BIRDS IN THE PHILIPPINES
Half the endemic species of bird in the Philippines are endangered. Between 1961 and 1998, more than 40 percent of the bird species from Mt. Isarog lowland forest on Luzon vanished, even though the mountain is a national park. Half the 14 birds on Cebu are extinct. The four-colored flowerpecker was not been seen for decades and was thought to be extinct because it habitats in Cebu was gone. Then a small patch of forest was found with flowpeckers in it. But new species are being discovered. Lina's sunbird is a species first collected in 1965 but misidentified as a known species and recognized as a new species in 1997.
The Philippines is home to some of the world's most exotic birds. Many species such as the Philippine eagle are found nowhere else in the world. One of the most endangered species is the exotic Kalangay or the Philippine cockatoo (Cacatua haematuropygia), which belongs to Psittacidae or the family of parrots. Some cockatoos can live up to 50 years. They are known for mimicking human voices. Most of them measure 33 centimeters in length and weigh 0.29 kilogram.
The Visayan wrinkled hornbill is found only in the Western Visayas islands of Negros and Panay. Reaching lengths of 65 centimeters, it is a colorful bird with a yellow tale and yellowish head and red bill. Males weigh up to 1,200 grams, females weigh up to 800 grams. Like other hornbills, it build nests in covered holes in trees. There are believed to be only 120 to 160 left and the populations are declining. [Source: Canon]
The Walden’s hornbill has a yellow face, orange casque and red bill. It is found only on the islands of Panay and Negros. It may be close to extinction. The Palwan hornbill has a white beak and casque which looks as if it has been dipped in chalk. It survives only on Palawan.
The Calayan rail is a species of bird discovered in the early 2000s on the small island of Calayan in the northern Philippines. the only place where it is found. It looks sort of like a blackbird but can’t fly and has a bright orange beak. Its closet relative is the Okinawa rail.
With a wing span of over two meters, the Philippine eagle is the second largest eagle in world, and one of the rarest. The Harpy eagle of South America is the largest. The Philippine eagle used be called the "monkey eating eagle" but Ferdinand Marcos found the term "monkey eating" to be denigrating so he proclaimed in 1978 that from then on the bird would to be known as the Philippine Eagle in part to promote national pride. In 1995, it replaced the maya, a sparrow, as the national bird. The eagle is found on only three islands, with the largest number on Mindanao.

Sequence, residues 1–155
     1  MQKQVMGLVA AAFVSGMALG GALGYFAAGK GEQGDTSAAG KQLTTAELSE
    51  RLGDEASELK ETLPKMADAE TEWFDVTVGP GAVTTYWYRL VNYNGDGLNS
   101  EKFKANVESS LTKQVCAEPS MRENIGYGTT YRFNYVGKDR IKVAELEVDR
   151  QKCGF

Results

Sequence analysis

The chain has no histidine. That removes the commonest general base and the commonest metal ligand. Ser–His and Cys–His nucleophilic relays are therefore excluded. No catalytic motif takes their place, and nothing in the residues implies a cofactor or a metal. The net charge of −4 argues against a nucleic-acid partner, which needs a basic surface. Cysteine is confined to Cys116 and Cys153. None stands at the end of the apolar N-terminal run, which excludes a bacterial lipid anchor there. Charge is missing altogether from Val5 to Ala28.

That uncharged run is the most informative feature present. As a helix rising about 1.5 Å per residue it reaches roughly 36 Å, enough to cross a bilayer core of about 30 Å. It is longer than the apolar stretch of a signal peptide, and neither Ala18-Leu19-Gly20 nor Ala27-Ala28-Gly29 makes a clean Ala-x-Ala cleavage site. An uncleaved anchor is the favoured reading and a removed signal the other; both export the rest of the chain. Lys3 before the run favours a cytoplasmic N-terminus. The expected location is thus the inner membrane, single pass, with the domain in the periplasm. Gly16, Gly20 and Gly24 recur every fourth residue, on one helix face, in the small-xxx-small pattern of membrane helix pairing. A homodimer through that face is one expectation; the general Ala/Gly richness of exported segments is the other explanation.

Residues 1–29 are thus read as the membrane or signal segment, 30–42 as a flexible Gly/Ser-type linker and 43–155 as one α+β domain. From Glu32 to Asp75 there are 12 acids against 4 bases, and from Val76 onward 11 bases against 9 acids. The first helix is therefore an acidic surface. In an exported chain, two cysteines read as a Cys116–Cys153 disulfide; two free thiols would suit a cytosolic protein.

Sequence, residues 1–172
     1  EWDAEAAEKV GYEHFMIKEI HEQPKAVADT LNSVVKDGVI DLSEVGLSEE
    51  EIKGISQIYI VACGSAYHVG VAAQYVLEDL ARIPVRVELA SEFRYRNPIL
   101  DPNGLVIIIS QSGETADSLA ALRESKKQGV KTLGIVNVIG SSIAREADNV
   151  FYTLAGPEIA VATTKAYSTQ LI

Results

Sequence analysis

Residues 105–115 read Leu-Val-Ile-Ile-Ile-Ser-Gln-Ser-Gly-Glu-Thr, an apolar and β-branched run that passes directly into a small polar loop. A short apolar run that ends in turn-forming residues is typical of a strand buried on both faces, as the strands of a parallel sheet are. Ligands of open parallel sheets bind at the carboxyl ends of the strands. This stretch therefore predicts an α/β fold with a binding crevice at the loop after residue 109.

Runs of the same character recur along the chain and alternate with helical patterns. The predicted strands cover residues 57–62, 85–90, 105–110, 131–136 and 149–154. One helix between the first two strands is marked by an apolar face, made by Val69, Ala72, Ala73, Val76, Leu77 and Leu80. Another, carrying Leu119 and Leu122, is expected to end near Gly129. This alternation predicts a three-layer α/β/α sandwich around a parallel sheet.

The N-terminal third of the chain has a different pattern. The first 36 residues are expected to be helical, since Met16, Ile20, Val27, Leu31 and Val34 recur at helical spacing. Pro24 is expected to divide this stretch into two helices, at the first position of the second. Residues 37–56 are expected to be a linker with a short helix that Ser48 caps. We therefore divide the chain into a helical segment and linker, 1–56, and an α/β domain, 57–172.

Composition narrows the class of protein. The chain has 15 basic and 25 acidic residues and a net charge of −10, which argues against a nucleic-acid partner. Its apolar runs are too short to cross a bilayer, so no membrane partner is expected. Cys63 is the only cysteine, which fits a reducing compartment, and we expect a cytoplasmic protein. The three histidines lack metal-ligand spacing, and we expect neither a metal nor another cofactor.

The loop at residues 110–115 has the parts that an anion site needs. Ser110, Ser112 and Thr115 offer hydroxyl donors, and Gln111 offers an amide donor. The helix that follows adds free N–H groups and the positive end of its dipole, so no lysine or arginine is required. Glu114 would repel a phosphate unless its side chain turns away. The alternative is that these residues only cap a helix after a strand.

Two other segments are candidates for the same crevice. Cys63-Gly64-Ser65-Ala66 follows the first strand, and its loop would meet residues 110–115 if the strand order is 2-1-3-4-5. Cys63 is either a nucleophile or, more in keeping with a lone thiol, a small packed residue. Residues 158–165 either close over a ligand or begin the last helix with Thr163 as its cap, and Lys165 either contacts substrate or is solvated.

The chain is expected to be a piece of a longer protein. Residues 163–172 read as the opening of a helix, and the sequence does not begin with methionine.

The great birds of prey of the rain forest—the Harpy eagle, the crowned eagle of Africa and the Philippine eagle— are remarkably similar. All have large crests, and broad relatively short wings with long tails, which allow them to maneuver through the trees. They build a large, platform nest of twigs which they reuse season after season and usually raise a single offspring that stays with the parents for about a year. One unique feature of the Philippine eagle is its blue eyes, a rarity among raptors. Both sexes raise their crests. Their large size is due in part to they fact they evolved without competition from big cats and other large predators.
Mel White wrote in National Geographic, “Exactly how big a hole would be left by the loss of the Philippine eagle? The loss of this glorious bird would steal some of the world's wonder. It glides through its sole habitat, the rain forests of the Philippines, powerful wings spread to seven feet, navigating the tangled canopy with unexpected precision. It is possible that no one has ever described this rare raptor, one of the world's largest, without using the word "magnificent." If there are those who did, then heaven heal their souls. [Source: Mel White, National Geographic, February 2008]
Eating and Nesting Habits of the Philippine Eagle
Even though it used to be called the monkey eating eagle, the Philippine Eagle it turns out it only rarely eats monkeys. What it mostly eats are flying lemurs, which aren't really lemurs and are kind of similar to flying squirrel. Naturalist Robert Kennedy who spent several years observing these eagles noted that they also eat small deer, cobras, palm civets, snakes, flying squirrels, fruit bats, birds, monitor lizards, bats, and yes a monkey or two.